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Thursday, June 13, 2013

GDP: I Do Not Think It Means What You Think It Means

GDP: I Do Not Think It Means What You Think It Means

Derek Scissors, Ph.D.June 13, 2013 at 9:00 am

Foundry

Many decision makers and commentators treat gross domestic product (GDP) as if it measures the whole of the economy. They even use “the economy” and GDP interchangeably. GDP is an accounting device—and a poor measure of economic health. Household wealth is much closer to what we mean by “the economy.”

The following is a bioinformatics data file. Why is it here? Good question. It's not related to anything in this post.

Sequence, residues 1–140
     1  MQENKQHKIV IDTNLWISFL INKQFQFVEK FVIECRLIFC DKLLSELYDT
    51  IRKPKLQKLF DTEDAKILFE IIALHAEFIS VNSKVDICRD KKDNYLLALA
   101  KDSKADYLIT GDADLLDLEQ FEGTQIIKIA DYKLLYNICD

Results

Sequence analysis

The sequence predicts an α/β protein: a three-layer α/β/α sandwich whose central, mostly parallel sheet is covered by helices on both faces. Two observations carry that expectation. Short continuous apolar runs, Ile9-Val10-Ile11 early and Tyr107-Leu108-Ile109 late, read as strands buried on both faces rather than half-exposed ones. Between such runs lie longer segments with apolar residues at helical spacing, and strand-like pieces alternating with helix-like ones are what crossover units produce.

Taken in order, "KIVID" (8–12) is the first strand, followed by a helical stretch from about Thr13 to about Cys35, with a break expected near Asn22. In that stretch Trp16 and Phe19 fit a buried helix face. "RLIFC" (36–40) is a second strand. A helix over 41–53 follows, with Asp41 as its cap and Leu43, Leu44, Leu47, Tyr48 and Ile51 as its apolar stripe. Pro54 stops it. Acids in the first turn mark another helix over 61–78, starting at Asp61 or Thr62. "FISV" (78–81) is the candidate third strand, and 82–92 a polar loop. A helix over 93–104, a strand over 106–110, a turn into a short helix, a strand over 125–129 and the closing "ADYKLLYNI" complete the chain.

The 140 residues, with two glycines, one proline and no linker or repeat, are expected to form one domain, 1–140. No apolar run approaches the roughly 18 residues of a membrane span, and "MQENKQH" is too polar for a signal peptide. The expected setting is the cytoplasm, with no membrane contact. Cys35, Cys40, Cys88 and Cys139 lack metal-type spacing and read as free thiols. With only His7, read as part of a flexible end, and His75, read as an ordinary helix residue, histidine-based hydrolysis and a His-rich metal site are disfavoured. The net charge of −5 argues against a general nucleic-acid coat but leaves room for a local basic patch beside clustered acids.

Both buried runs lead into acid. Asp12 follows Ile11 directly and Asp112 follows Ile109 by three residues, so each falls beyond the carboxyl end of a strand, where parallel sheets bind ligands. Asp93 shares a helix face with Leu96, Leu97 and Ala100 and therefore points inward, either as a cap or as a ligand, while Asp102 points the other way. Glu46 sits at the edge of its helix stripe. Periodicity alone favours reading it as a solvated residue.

Say a new medical school graduate got a nice hospital job in 2011 paying $100,000 per year. However, she owed $150,000 in loans. Meanwhile, a retired couple had income of $50,000 in 2011 and an investment portfolio of $2 million, plus their home. If we compare 2011 income, the new doc is doing twice as well. Of course, this is ridiculous—why would anyone use one year’s worth of income to see how they’re doing?

Yet that is what we do with GDP: We take one year’s worth of production and act as if it’s the whole story or nearly the whole story. It’s just as wrong with GDP as it is with one year’s income.

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